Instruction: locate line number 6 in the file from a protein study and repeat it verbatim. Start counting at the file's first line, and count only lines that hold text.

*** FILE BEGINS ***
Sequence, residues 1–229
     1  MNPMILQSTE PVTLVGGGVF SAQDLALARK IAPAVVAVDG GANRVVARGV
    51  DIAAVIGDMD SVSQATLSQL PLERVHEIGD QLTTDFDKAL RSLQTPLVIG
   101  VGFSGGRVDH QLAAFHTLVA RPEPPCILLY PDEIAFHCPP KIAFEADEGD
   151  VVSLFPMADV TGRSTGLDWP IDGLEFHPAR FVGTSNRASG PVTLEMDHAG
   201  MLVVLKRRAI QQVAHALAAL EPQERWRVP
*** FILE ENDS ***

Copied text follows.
   201  MLVVLKRRAI QQVAHALAAL EPQERWRVP